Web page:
Marijuana has been around since before recorded history, but as it was illegal for almost the last 80 years of U.S. history, we’re only just now seeing a rush on pot-related patents. Technically, as our Los Angeles marijuana attorneys can explain, the classification of cannabis within the U.S. Controlled Substances Act (CSA) has in turn meant it would be tough for anyone patent or trademark holder to defend their right to that protection in federal court. Not to mention: Is it even possible to patent a plant that’s been around forever?
As an increasing number of states approve marijuana for legal sale and use (not to mention the fact that it’s now fully legal in Canada), companies are rushing to secure patents from the U.S. Patent and Trademark Office, which according to a recent Reuters report increased the number of patents issued containing the words “marijuana” or “cannabis” from 14 in 2016 to 29 in 2017 to 39 last year.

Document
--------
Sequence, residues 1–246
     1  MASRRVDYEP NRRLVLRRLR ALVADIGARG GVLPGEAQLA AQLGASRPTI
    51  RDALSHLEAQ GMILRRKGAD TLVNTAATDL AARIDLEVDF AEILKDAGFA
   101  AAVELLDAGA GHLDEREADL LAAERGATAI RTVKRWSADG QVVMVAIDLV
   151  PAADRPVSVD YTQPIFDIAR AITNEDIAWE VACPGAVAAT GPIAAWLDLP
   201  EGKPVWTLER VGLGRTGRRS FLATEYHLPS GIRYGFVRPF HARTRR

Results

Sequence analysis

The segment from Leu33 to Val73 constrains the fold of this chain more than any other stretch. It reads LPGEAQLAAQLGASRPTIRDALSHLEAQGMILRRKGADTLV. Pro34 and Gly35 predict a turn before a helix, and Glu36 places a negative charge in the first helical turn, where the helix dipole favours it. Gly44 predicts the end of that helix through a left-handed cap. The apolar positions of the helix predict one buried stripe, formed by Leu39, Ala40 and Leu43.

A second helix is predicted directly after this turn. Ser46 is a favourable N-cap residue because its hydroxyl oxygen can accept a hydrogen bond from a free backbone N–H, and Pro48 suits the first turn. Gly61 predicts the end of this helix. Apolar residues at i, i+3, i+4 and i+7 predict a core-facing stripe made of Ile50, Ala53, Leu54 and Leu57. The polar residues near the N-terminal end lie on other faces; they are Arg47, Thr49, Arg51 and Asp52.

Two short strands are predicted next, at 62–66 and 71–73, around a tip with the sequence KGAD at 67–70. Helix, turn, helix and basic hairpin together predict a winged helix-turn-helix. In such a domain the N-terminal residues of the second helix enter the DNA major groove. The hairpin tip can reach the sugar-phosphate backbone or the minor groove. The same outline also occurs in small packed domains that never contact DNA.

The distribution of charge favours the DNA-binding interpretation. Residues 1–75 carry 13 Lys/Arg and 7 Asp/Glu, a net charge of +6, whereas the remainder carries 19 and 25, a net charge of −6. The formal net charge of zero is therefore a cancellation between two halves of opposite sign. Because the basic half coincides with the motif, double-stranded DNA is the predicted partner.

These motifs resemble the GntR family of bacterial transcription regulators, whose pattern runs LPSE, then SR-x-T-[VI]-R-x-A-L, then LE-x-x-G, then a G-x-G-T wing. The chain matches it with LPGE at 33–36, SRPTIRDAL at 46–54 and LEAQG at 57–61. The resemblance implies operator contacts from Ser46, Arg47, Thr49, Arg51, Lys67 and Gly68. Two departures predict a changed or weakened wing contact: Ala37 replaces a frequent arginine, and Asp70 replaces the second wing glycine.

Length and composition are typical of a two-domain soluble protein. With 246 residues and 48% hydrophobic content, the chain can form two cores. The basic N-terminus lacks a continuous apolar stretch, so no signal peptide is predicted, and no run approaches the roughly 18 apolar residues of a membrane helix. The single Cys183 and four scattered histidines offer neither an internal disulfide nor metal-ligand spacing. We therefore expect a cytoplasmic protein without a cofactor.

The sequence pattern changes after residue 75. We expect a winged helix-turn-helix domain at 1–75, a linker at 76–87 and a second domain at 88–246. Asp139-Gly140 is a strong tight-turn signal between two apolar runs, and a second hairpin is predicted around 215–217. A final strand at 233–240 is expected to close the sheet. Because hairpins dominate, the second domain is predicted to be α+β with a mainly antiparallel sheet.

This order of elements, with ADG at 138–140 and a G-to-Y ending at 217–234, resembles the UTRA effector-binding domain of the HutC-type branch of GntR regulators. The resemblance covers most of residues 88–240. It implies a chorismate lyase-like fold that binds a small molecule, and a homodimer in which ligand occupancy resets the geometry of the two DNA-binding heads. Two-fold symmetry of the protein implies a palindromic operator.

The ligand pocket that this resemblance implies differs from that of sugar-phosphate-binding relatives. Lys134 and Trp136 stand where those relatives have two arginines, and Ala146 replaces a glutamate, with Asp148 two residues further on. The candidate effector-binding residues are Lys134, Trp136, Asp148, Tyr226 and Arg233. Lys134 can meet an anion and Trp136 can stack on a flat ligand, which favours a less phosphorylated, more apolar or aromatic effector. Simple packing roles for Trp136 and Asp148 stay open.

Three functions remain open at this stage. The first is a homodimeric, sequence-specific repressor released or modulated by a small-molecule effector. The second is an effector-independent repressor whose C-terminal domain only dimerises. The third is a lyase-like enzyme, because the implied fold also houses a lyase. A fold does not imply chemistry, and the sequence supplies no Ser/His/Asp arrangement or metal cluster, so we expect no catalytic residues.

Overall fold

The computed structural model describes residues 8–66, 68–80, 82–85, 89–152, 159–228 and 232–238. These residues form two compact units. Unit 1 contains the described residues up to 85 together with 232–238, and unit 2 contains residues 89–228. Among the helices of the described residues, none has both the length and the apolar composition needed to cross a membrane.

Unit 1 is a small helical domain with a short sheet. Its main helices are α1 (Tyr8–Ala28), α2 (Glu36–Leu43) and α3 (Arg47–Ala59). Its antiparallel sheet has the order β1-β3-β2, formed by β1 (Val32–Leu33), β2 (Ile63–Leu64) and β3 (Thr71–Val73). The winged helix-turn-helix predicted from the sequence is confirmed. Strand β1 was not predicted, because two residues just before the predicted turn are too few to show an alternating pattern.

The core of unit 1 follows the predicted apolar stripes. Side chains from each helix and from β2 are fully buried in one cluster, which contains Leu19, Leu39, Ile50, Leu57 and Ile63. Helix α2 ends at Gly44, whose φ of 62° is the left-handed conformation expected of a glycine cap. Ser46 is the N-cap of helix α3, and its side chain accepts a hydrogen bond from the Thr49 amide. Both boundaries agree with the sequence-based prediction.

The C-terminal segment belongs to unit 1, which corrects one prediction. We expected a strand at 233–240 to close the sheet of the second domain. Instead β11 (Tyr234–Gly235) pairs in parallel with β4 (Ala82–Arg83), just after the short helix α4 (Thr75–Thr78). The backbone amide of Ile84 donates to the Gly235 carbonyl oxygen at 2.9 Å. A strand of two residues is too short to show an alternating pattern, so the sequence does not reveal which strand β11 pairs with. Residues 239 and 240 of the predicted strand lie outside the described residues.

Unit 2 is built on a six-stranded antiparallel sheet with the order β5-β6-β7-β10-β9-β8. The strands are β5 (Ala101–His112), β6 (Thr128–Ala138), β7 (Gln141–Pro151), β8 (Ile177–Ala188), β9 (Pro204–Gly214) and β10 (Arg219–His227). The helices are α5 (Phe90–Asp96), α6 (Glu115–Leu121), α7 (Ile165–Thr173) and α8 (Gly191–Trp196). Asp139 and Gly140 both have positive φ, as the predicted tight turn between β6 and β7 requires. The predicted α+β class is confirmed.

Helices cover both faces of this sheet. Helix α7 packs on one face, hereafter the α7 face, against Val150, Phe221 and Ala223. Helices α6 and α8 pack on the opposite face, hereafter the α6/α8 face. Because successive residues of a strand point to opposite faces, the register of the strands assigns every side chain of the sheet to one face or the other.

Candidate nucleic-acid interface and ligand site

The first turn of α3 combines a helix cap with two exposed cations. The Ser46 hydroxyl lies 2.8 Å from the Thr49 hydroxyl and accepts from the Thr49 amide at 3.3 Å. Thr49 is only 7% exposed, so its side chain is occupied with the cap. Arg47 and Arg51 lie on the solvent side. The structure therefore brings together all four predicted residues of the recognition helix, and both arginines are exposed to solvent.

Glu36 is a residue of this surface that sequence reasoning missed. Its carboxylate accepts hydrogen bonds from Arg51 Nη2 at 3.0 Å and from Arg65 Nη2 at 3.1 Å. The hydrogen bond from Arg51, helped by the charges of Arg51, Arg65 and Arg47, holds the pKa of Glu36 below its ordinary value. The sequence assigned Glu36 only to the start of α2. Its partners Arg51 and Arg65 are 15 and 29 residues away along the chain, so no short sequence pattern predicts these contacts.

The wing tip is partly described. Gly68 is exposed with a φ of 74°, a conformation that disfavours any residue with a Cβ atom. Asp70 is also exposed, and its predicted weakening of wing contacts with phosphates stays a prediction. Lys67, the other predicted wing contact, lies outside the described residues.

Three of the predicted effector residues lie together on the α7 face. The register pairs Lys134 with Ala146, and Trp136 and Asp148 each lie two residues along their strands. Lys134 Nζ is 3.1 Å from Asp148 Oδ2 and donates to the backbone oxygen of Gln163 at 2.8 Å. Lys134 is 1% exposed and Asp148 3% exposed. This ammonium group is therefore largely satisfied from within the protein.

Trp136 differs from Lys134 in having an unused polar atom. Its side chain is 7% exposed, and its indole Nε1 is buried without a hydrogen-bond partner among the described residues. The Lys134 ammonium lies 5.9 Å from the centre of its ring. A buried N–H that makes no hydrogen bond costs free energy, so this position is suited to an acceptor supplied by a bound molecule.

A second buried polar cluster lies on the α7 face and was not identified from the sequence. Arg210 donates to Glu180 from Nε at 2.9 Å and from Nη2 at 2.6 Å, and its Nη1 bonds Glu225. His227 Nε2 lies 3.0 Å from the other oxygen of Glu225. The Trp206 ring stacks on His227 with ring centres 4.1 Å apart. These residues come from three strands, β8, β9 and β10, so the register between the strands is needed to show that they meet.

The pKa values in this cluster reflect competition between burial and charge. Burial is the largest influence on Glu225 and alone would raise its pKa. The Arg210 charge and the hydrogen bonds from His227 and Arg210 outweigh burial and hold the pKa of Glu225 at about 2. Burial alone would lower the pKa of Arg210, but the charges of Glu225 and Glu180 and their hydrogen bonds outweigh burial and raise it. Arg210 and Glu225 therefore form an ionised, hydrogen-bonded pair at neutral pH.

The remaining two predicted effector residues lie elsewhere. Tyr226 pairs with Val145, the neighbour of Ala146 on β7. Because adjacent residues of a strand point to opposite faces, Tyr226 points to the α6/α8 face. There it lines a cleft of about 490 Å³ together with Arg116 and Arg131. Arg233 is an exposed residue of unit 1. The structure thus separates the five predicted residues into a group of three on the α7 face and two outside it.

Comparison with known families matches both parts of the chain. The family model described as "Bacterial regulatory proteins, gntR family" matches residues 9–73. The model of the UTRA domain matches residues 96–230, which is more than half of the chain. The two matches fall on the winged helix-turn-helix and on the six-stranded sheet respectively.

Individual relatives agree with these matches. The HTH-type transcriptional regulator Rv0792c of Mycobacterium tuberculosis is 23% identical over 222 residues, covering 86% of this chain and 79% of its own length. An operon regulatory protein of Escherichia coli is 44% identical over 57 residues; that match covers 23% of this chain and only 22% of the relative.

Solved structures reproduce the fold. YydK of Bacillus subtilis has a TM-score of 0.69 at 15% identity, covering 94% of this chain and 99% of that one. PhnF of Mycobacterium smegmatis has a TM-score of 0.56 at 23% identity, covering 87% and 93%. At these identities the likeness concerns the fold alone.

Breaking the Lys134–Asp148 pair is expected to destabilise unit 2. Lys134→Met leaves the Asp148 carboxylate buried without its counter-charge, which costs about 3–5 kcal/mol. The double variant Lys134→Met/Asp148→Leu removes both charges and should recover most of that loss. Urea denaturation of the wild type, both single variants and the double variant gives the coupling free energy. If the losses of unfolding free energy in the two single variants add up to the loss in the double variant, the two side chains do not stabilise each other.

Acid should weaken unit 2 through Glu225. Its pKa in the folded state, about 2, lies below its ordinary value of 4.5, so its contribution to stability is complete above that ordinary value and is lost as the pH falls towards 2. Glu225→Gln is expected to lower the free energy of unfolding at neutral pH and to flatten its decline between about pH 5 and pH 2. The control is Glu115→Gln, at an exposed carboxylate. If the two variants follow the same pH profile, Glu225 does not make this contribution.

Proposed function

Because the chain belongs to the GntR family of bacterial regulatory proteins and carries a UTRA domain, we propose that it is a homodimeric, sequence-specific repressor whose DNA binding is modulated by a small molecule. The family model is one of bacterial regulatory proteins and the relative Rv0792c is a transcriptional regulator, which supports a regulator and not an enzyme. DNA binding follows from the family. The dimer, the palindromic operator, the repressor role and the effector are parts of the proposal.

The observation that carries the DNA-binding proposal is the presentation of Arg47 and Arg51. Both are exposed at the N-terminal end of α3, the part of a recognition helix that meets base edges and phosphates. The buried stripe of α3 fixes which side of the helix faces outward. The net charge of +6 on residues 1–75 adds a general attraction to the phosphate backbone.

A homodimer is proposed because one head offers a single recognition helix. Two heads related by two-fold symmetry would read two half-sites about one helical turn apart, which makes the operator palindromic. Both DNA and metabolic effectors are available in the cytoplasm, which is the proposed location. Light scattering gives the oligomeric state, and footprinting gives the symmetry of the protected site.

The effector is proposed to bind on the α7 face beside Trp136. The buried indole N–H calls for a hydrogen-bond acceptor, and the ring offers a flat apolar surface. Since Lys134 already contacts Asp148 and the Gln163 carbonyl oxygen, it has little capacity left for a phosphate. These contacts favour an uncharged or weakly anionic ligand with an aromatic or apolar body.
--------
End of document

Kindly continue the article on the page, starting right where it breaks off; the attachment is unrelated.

Of course, securing patents for possibly new uses of cannabis products isn’t an entirely new practice in the U.S., where the age-old botanical only first gained any measure of legality in California in 1996. But even before that, starting somewhere in the 1990s, some of the world’s largest pharmaceutical firms started quietly securing U.S. patents for medical applications of marijuana. Abbvie reportedly now has the most, with 59 patents and 95 U.S.-published medical applications of the drug. Merck is No. 2., with 35 patents and 55 U.S.-published medical applications. There are also several patents held by universities – and even the U.S. Department of Health and Human Services (which holds 11 patents and 39 published applications). Continue reading